The following time-slot on stage was reserved for four founders from Amsterdam and Italy who shared their experiences. They gave deep insights into the learning processes they went through. The first one, Stefano Cutello, made his startup pastbook.com highly successful after a long period of ups and downs. Michel Visser failed with his project Konnektid, but is happy about the great possibilities in career terms the founding process led him to. Today he is Country Lead for the Netherlands at the US social network nextdoor.com. The third founder on stage, Niels de Greef, retraced the development of his startup ParkFlyRent. After a very promising early stage, he had to give up in the end but is today COO of the successful sharing platform camptoo.nl.
The fourth was Daan Weddepohl, who shared his experiences building his startup peerby.com. Totally in the spirit of an entrepreneur, he summarized his key learnings in his book ‘99 redenen om te stoppen, en toch door te gaan’. All four agreed in the end that the process of starting a company of their own broadened their horizons, led them to knowledge they would have never achieved in a corporate job, which resulted in truly positive results for all of them. Conclusion: Founding a startup is always worth a try!
The startup-ecosystem from different perspectives
After these hands-on insights, five professionals entered the stage: Jennifer Harvey of Google Launchpad, Irene Duyn of the ING innovation district Cumulus Park, Bas Beekman, Head of StartupAmsterdam, Myrthe van der Erve, COO of The Next Web and the investor Johan van Mil, co-founder of Peak Capital. They all focus on startups in general but have their different perspectives due to the interests of the organizations they represent.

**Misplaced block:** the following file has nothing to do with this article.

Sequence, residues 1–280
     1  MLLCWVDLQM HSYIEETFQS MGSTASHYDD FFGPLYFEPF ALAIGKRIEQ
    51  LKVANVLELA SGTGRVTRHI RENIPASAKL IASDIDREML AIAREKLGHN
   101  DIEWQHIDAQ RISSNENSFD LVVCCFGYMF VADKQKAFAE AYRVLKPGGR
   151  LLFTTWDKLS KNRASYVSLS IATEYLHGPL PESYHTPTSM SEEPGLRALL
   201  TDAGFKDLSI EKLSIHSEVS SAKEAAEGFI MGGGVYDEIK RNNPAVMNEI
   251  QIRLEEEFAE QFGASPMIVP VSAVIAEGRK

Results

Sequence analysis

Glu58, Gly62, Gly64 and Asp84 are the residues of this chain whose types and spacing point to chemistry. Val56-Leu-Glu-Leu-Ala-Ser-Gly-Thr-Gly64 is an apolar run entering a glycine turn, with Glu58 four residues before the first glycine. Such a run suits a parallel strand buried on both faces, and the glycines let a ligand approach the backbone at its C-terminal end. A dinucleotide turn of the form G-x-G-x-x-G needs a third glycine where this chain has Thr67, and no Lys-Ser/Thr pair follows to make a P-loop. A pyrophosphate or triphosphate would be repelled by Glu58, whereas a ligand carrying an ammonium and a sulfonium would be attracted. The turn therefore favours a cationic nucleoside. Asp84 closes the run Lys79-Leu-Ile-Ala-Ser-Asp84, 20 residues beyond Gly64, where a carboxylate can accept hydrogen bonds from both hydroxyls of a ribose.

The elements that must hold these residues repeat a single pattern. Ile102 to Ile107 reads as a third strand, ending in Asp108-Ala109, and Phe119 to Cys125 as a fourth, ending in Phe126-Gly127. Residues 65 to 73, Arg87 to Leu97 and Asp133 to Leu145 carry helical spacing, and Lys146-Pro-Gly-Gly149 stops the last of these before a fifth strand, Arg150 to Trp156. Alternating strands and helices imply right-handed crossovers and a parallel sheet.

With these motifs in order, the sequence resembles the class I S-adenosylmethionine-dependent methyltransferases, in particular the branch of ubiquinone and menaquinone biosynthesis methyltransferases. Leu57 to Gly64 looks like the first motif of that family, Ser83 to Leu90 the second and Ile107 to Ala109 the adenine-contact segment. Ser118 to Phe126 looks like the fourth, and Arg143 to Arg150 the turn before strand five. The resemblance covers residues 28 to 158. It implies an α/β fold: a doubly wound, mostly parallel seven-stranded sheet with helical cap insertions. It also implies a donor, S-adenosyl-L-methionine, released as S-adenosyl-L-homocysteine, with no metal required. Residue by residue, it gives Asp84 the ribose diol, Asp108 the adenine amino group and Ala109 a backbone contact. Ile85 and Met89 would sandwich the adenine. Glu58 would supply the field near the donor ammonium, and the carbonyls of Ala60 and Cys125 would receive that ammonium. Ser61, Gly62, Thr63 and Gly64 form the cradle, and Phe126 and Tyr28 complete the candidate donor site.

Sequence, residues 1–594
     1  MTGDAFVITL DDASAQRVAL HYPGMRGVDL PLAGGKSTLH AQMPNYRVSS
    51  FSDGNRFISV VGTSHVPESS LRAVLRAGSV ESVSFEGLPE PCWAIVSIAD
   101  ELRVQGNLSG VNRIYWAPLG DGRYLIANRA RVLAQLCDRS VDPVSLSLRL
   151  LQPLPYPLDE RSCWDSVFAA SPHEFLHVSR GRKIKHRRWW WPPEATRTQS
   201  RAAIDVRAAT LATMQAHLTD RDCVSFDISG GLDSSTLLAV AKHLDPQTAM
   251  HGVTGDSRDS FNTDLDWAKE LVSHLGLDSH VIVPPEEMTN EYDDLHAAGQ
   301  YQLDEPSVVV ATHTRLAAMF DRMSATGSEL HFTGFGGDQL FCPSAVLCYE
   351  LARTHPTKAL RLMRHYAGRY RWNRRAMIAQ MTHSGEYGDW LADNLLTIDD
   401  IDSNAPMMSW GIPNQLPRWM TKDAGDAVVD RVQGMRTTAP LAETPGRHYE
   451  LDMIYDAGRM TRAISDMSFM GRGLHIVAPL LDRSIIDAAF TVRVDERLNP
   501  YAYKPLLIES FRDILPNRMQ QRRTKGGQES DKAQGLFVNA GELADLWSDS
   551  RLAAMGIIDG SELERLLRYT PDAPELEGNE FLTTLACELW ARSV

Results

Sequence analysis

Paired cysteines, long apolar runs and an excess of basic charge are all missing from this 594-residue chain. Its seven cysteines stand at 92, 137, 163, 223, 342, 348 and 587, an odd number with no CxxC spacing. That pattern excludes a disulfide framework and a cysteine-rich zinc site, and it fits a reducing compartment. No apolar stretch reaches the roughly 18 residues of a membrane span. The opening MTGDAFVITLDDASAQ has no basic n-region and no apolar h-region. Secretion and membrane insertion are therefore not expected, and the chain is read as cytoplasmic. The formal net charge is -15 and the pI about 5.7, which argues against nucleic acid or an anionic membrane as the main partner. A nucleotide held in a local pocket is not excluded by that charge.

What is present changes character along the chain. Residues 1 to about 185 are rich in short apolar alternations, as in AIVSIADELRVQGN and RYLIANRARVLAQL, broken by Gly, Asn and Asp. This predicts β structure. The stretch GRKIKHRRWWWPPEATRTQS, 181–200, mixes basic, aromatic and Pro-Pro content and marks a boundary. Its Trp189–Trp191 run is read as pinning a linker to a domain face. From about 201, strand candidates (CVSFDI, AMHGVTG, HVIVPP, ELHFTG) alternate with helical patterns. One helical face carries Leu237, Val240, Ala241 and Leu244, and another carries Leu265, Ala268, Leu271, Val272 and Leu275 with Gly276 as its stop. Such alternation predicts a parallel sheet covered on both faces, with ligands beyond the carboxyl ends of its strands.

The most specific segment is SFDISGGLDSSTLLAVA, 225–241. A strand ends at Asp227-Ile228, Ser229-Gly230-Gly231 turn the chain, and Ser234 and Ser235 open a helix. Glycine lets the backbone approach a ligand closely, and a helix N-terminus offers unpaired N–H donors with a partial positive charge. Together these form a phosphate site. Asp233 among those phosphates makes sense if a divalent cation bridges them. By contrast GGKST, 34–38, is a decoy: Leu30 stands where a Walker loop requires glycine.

Jennifer gave interesting insights into the Google cosmos and explained how the internet giant is building talent pipelines around upcoming tech subjects like machine learning or AI. Irene addressed the competition between traditional banks and fin-tech startups/scale-ups. She explained the new self understanding of ING as a tech company with a banking license, and no longer a bank with a tech passion. That leads to a new situation in which that banks are not only competing with young fin-tech companies, but with all tech companies in general.
The numbers speak for themselves
Bas and Johan presented the audience with many interesting numbers and statistics about the development of the Dutch startup eco-system. Bas started with information about Amsterdam. The city currently has 1200 startups plus 150 scale-ups with at least 50 employees each. 80% of those companies are younger than 10 years. This year 411 Million euro in venture capital was raised by these companies in total, while 60 companies raised more than 1 million each. Given the fact that there are around 70,000 jobs in tech companies in Amsterdam in total, tech can be called the most important job motor of the city. But Bas had to mention that the founders’ landscape is still largely white and male, and he made a strong case for more diversity.
Johan compared the Dutch venture capital situation with Germany. In the Netherlands there are currently 13 startups with an valuation of more than 1 billion euro each, the so called unicorns. Germany currently has 27 unicorns, which is twice as many. However, Germany has a four times larger population than the Netherlands. Furthermore, Johan pointed out, valuations of startups in Germany are generally higher. But the Netherlands have a different competitive advantage. He sees that in Germany startups often focus only on the German market, because it is big enough for them to make a good business only there. In the Netherlands, however, a startup has to set up its business more internationally from beginning, which results in a variety of advantages in the growth process.
These numbers and inputs gave the audience a great foundation for further thoughts on the subject on their way home. The startup eco-system of Amsterdam is as vibrant as never before and we all can look forward to the upcoming developments. Everybody who is brave enough can participate.
Interesting? Watch the complete video of the event: https://dezwijger.nl/programma/start-up-fall-down
(c) Tilman Müller, November 2019
This report was first published on LinkedIn: https://www.linkedin.com/pulse/amsterdam-startup-ecosystem-special-report-tilman-m%C3%BCller/